Stuffed Day Lilies

Serves: 2 as a side dish, or 5 as an appetizer

10 day lily flowers, washed and insides removed
1 c ricotta cheese
1/4 c parmesan cheese
1 tsp Italian seasoning
salt & pepper to taste
cotton cord
frying oil

Batter:

1 c tapioca flour, or more as needed
1 egg white
1/2 c ice cold sparkling water (or any fizzy beverage – try sparkling apple cider or beer), or more as needed
pinch of salt

Directions:

Mix cheeses and Italian seasoning. Add salt and pepper to taste.

Spoon a portion of the cheese mixture into each day lily flower, and carefully tie the ends closed.

Once all the day lilies are stuffed, heat the oil in a high-sided pan. Once the oil is hot, mix the batter. The batter consistency should be thin, but still thick enough to coat the flowers. If it seems to thin add more tapioca flour; if too thick, add more sparkling water.

Dip the flowers completely in the batter, then carefully add to hot oil. Only batter as many flowers as will fit, uncrowded, in the pan at one time.  Turn the heat down if it looks like the flowers are browning too fast. After a few minutes, use tongs to flip the flowers to cook the other side. (The exact time will depend on the heat of the oil.) Let the second side cook until the color is even. Move the fried flowers a paper towel-lined plate while you fry the remaining flowers.

Serve with dipping sauce of choice. We like marinara, but tempura sauce or a mustard sauce would have been excellent as well. (But not ketchup. Please not ketchup.) Also, be careful not to eat the cord holding the flowers closed. Like I might’ve. Accidentally. Twice. Although it’s apparently not fatal if you do, because I am still here!

STANDARD FORAGING DISCLAIMER: Only harvest wild foods from safe locations, free of pesticides or any pollution from vehicles or heavy equipment. Additionally, always introduce new foods slowly. Some people experience gastric upset when eating day lilies, though that is more common with the tubers than the flowers.

Now, for the photos.

This is the patch of day lilies I harvested from. Each flower blooms for only one day (hence the name) so you will not hurt the plants by picking ones which are currently open.

A local patch of day lilies

A local patch of day lilies

Rinse the flowers thoroughly, and gently remove the stamen and pistil from the center of each flower.

Washed and cleaned day lily flowers

Washed and cleaned day lily flowers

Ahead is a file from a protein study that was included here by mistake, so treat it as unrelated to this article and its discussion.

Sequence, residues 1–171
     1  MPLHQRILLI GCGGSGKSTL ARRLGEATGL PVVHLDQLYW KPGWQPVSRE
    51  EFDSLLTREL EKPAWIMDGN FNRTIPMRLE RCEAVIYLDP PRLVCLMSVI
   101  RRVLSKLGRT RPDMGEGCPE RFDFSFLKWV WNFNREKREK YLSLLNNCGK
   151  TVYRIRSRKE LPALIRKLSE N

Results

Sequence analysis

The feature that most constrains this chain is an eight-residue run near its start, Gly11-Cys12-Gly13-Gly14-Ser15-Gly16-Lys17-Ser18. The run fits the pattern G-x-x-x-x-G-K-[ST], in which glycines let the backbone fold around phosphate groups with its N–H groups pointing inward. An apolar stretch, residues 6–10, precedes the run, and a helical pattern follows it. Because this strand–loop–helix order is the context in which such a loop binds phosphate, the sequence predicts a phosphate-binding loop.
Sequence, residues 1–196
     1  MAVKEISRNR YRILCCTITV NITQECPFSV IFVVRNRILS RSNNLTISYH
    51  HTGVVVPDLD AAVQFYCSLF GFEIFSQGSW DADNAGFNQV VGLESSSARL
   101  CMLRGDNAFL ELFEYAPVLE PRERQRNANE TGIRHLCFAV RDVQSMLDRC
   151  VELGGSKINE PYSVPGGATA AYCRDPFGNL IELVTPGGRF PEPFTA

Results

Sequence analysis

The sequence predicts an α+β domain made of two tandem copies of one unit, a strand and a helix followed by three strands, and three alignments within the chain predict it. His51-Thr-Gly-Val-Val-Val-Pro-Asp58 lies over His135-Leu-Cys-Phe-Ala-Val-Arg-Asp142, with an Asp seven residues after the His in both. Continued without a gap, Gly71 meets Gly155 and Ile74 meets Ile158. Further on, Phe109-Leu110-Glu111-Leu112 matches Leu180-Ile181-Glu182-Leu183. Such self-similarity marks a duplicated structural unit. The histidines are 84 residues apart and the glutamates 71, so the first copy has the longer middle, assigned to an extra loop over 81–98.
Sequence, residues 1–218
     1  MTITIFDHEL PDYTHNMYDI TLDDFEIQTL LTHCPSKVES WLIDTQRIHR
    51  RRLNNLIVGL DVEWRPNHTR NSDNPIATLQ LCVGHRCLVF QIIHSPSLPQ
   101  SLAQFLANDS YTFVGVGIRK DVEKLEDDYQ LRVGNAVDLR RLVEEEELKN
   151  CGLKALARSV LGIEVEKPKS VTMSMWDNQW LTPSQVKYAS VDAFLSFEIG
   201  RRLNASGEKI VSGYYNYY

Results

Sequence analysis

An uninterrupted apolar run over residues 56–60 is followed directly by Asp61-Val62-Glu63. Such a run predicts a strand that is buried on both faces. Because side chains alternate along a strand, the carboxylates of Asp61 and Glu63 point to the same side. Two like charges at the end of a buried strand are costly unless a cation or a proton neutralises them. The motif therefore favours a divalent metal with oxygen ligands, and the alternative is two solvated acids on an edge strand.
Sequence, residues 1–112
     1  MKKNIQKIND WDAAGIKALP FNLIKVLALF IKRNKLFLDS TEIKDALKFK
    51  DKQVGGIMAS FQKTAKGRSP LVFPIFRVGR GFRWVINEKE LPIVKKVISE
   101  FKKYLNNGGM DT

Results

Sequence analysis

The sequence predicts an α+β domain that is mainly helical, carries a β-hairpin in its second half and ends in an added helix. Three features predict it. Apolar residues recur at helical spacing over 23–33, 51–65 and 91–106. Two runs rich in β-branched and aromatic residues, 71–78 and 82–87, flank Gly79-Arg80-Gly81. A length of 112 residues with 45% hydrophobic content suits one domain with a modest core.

Make sure you stuff all the flowers before starting the batter. In fact, the frying oil should be heated first as well.  That way, as few bubbles as possible dissipate before you use the batter. The bubbles create the very light, airy texture of the fried batter.

Stuffed day lilies, ready to fry

Stuffed day lilies, ready to fry

Do not overcrowd the day lilies in the pan. You need enough room to turn them.

Frying the battered stuffed day lilies

Frying the battered, stuffed day lilies

This is what stuffed day lilies look like when you are not a food stylist, nor very practiced at frying. (Speaking of being ashamed to share your imperfections…) Some day I’ll get better at staging food (and cooking food!) and replace this picture with a very pretty one.

unstaged_day_lily_photo

They tasted much better than they look, I promise!


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Seven Day What?

You guys, writing is hard. I don’t know if you’ve tried writing, or worse yet – writing regularly. Especially writing regularly in front of other people. *shudder*

Also, if you happen to read a book (or several) claiming you can easily earn passive income by publishing an ebook, think twice before committing to that. Especially if the book claims to teach you the secrets for a “Seven Day Ebook”. ESPECIALLY IF YOU WANT TO WRITE A COOKBOOK. Maybe you can write a book in seven days, but you cannot curate recipes, try them out, document nutritional info, and stunningly photograph the results in that amount of time. And if you are trying to write a cookbook without all those things, then shame on you. Go back to watching Food Network.